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Sikh community gathers to remember slain B.C. gurdwara president

Surrey's Guru Nanak gurdwara president, Hardeep Singh Nijjar, was shot and killed on June 18, 2023

As a sombre anniversary approaches, members of Surrey's Guru Nanak Sikh Gurdwara are taking the time to remember.

On Sunday (June 16), members of the gurdwara — located on the Surrey-Delta border of Scott Road — gathered to recall how Hardeep Singh Nijjar, 45, was gunned down in its parking lot on the night of June 18, 2023, nearly one year ago. Nijjar, who was the president of the gurdwara, was found in his truck suffering from gunshot wounds before succumbing to his injuries at the scene.

Moninder Singh, spokesperson for the B.C. Gurdwara Council, said the gathering is part of a prayer service that will continue for two consecutive days leading up to the anniversary of Nijjar's killing on Tuesday, when a large program is planned. He estimated that 10,000 to 15,000 people had come and gone through the gurdwara throughout the day on Sunday (June 16).

"It's kind of like a reflection of the last year of what's happened where the community has seen international outcry against India, international media questioning India and this assassination and also, at an internal level, a reflection opportunity around how we as the community feel losing a community leader," Singh said.

Four Indian nationals living in Canada — Amandeep Singh, 22, Karan Brar, 22, Kamalpreet Singh, 22, and Karanpreet Singh, 28 — are charged with first-degree murder and conspiracy to commit murder in Nijjar's death.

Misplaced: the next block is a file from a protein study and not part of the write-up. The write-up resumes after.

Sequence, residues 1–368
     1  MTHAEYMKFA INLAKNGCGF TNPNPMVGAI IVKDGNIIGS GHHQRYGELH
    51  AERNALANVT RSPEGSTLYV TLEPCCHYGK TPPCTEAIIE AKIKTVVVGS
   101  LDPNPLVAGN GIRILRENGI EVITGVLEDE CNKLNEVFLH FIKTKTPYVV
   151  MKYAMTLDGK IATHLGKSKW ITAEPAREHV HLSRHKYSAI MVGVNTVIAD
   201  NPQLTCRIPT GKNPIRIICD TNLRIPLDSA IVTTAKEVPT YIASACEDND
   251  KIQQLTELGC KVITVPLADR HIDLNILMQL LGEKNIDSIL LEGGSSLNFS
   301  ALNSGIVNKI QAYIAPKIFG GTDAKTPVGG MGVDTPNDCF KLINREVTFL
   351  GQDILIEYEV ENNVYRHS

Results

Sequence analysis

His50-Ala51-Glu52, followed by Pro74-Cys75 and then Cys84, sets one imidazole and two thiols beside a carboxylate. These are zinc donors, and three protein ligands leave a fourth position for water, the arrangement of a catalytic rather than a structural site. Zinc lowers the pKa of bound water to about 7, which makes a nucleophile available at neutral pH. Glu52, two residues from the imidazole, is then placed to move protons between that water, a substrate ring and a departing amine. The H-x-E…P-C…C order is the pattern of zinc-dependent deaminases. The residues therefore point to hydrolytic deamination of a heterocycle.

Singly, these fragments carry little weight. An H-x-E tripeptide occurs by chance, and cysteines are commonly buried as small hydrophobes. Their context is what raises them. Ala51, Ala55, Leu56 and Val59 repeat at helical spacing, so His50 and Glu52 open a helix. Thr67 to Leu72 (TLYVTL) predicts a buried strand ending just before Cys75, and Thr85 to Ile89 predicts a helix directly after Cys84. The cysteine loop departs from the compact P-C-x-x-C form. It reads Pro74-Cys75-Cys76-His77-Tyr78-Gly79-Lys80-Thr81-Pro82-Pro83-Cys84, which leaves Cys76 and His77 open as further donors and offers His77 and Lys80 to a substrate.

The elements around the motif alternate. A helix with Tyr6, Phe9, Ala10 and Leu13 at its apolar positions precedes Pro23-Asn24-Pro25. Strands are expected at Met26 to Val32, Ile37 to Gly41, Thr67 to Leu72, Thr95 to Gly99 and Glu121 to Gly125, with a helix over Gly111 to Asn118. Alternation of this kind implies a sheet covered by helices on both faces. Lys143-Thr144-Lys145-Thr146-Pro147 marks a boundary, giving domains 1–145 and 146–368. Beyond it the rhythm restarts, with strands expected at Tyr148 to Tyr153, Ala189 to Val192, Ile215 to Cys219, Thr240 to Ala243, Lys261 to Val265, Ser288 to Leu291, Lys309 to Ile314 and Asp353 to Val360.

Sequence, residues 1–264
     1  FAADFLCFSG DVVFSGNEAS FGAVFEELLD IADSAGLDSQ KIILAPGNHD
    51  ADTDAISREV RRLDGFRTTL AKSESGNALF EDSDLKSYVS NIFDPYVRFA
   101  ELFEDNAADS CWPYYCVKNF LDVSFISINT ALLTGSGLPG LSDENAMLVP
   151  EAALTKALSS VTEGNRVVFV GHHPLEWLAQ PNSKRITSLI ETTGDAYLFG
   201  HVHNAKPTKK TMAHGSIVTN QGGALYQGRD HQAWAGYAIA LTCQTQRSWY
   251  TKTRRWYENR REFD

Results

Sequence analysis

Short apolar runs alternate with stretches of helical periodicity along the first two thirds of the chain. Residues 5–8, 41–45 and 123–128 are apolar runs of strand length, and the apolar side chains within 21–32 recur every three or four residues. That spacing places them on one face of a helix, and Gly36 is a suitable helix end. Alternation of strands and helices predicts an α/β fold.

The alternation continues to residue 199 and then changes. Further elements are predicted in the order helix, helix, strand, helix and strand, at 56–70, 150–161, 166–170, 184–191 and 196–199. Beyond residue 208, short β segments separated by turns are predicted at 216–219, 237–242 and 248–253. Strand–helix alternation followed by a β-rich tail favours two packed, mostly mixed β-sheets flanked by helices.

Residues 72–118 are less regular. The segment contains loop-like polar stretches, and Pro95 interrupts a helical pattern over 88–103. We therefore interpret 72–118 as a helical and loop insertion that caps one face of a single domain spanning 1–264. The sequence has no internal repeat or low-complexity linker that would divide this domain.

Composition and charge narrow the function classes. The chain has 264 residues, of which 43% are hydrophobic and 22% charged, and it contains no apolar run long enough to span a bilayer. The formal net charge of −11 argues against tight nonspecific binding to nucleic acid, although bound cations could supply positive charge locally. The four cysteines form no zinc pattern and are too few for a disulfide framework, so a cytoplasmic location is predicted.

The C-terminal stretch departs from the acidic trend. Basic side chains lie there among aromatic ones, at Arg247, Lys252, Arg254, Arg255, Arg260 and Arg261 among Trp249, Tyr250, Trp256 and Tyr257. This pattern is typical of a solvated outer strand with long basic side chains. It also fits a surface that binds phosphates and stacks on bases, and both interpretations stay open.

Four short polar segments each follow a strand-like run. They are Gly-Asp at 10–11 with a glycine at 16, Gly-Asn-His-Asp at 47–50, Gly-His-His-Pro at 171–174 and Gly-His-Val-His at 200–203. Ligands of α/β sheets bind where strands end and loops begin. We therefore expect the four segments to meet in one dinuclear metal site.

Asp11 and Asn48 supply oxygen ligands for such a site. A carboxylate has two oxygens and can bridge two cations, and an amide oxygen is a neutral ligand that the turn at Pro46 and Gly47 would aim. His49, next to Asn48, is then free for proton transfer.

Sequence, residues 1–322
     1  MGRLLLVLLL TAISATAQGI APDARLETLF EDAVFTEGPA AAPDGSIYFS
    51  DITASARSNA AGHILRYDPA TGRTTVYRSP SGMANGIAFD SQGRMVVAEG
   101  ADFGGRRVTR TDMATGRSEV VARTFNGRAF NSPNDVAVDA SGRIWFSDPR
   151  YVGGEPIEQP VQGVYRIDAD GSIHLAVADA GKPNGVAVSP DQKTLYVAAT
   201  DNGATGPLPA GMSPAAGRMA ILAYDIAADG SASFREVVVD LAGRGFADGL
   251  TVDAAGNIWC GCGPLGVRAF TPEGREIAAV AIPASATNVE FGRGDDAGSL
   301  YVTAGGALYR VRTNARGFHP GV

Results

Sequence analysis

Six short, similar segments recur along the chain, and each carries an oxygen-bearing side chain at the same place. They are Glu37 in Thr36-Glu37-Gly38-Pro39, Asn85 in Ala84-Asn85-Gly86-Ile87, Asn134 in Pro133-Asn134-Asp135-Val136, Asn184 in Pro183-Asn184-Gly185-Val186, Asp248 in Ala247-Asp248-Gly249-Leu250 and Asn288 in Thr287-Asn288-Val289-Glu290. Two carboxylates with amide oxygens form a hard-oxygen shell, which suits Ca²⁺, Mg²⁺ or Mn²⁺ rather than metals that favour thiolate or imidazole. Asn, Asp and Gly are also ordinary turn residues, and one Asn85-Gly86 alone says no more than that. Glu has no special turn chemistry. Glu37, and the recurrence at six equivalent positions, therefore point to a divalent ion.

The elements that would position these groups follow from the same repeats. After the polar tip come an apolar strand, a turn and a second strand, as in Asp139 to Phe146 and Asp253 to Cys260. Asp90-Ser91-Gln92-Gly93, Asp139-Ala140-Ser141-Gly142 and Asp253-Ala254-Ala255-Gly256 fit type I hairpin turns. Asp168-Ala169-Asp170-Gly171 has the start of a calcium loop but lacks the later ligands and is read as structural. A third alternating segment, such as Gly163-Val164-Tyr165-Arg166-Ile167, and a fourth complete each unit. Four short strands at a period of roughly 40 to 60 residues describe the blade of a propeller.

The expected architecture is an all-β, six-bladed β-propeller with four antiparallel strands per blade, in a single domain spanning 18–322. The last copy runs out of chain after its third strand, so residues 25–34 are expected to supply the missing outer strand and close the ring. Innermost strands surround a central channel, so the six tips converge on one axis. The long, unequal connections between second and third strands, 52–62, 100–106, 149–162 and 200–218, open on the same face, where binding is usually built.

Three of the four men charged appeared in person in red prison garb in a high-security courtroom in Surrey Provincial Court on May 21; the fourth (Amandeep Singh) appeared remotely from Ontario, where he is being held. Judge Emmet Duncan set their next court appearance for June 25.

Nijjar was a vocal advocate of Khalistan, the controversial Sikh movement for a separate homeland in India.

Accusations against India have grown for the possibility of its involvement in Nijjar’s death, which the country has denied on several occasions. Last year, Canadian Prime Minister Justin Trudeau said there is credible evidence for the claim, but the matter is still under investigation.

For Moninder Singh and the local Sikh community, the question of potential Indian involvement is uppermost in their minds.

"This remembrance is also forward thinking as well — so what are the things we need to do to make sure that we are secure as a country, as in Canada, from this type of interference and also as a community here, as a Sikh community," he said. 

He said the community wants to "press down" on the question of India's political interference in Canada. 

"People here are really interested to know how deep does India infiltrate, how have they infiltrated Canada and what will Canada be doing about that to kind of protect its own sovereignty and its democratic processes," he said.

Members of the community will continue to gather at the gurdwara for prayer throughout the evening and for the coming two days (Monday and Tuesday). 

More to come.

– with files from Tom Zytaruk and Sobia Moman